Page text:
The gloom of compLexity’s disappointing finish to the previous season has slowly given way to cautious optimism and hope as the squad enters a new season. The roster changes have had a marked improvement on the team’s performance, and the squad is posting consistently respectable results in a region that has seen a significant influx of talented teams so far. CompLexity Gaming’s potential to compete on the international level seems a bit limited so far, but this first Minor could prove to be the launching pad for a successful campaign should the NA squad find success in Kiev.

SG e-sports SG_e-sportslogo

Region: South America

Qualification: South American Qualifier Winner

Qualifying Points Rank: T-1st(0 Points)

Roster: 1. Guilherme “FuckinEh” Costábile   2. Adriano “4dr” Machado   3. Rodrigo “Liposa” Santos   4. Thiago “Thiolicor” Cordeiro   5. Lucas “Bardo” Bardosa(Captain)

SG e-sports had a rather interesting offseason period, as did most of the squads in the South American region. After falling just short of the mark to win the TI7 South American Qualifier, the organization ended up making massive changes to the roster. Adriano “4dr” Machado would remain with the team, but every other member of the squad ended up leaving to join a rival team. In place of those lost players, SG added Guilherme “FuckinEh” Costábile, Rodrigo “Liposa” Santos, Thiago “Thiolicor” Cordeiro, and Lucas “Bardo” Bardosa, essentially creating an entirely new roster to compete in the new season. So far at least, that gamble is paying off for the Brazilian team, as it has dominated the South American region to begin the season. The new squad appears to be adapting to its new personnel and play style at a rate that far outpaces its regional rivals, and it has emerged as the premier team in its home region.

The expectations for SG e-sports heading into this first Minor of the season have to be considered the lowest of any of the teams in the field in Kiev. The Brazilian squad is certainly talented, but the combined of an almost entirely new roster and a significant lack of talent on the international level means that it’s quite hard to expect for the SA squad to stand out in this Minor. While the South American Dota scene isn’t exactly new, its acceptance and integration as a region into the wider world of professional Dota 2 is still a recent and ongoing process. One cannot expect SG’s players to have high amounts of international experience because so few South American teams have ever been included in international events. Make no mistake here, SG e-sports has a talented roster of players, and like compLexity Gaming, could make a surprise run into a top 4 spot if everything falls into place for them. However, as previously mentioned in the compLexity section, it would take a bit of help from another team for SG e-sports to make that run happen. It would be wise to keep expectations low for SG e-sports in this first Minor, but don’t sleep on the Brazilian team, and absolutely do not underestimate them.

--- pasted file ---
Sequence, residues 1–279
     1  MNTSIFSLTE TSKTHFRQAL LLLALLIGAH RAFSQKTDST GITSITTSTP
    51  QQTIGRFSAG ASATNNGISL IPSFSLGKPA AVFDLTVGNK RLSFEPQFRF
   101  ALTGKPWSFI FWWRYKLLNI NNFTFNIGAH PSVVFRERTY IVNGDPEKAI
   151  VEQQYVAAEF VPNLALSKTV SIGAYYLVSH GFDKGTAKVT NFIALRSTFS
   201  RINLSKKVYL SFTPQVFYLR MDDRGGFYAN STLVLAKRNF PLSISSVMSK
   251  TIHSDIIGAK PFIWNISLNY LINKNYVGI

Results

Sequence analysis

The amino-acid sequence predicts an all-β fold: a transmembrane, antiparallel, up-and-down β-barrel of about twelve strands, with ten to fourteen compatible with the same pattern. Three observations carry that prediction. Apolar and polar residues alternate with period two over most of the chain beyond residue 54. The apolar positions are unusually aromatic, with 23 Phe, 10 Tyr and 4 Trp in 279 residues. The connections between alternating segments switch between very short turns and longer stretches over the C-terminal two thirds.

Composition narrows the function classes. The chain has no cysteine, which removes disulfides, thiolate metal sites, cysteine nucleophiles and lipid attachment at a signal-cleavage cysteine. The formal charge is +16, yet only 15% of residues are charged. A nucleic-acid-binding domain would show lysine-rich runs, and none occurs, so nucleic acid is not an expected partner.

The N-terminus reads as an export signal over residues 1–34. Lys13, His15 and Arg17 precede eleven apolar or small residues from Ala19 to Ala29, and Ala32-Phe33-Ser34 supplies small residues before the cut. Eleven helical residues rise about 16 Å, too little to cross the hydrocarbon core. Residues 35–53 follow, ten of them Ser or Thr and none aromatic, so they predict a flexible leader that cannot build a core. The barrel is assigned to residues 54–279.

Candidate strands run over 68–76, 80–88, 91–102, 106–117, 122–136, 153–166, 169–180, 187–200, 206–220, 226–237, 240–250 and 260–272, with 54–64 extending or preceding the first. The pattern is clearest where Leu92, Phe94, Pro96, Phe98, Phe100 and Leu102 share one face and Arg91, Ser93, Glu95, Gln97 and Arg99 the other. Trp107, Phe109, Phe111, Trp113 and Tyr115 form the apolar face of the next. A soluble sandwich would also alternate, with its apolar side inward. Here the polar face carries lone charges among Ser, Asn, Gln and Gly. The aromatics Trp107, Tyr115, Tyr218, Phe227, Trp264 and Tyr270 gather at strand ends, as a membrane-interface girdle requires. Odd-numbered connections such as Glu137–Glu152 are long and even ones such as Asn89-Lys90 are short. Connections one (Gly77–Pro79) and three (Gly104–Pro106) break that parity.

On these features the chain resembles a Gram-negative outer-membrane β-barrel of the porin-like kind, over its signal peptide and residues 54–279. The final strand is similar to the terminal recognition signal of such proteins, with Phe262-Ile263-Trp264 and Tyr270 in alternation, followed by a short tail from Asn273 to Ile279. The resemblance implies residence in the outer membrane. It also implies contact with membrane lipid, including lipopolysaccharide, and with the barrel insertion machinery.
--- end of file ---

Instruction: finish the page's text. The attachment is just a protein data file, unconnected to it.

SG has enjoyed a nearly unmatched level of success within its home region to start the season. The squad’s dominant performance in South America is almost Team Secret-esque with the way it has performed so far. The team’s start to the season did little to suggest that it would put on such an impressive performance, as it struggled slightly in the qualifiers for the PGL Open Bucharest. SG posted a 2-1 group stage record before losing 1-2 in the semifinals against Digital Chaos.SA. In the South American Qualifier for this Minor, the team was knocked down to the lower bracket after an early loss to Luccini, but managed to make an impressive run culminating in a 2-0 victory in the grand ginals against Digital Chaos.SA to earn its spot in Kiev. From that point, SG e-sports appeared to hit its stride just as many of its regional rivals appeared to be fading away. The team went 9-2 to qualify for the season’s first Major in Hamburg, followed by an 8-2 record that saw it qualify for the Perfect World Majors and defeat Digital Chaos.SA yet again. The team suffered a slight setback in the regional qualifier for the DreamLeague Major, losing series against both Infamous and Digital Chaos.SA that knocked the squad out of contention. However, the Brazilian squad managed to earn its revenge just days later, defeating both teams to secure its place at the Dota Pit Minor and a 4th LAN event to start the season. SG e-sports has the talent and now the results to lay claim to the title as the top team in South America, especially now with its two biggest competitors going through late roster changes. Both Digital Chaos.SA and Infamous have made recent roster moves(before the roster lock), and will more than likely need some additional time to fully adjust to its new players. Their loss will be SG’s gain, as the team should have an easier time holding its grip on the region for the time being.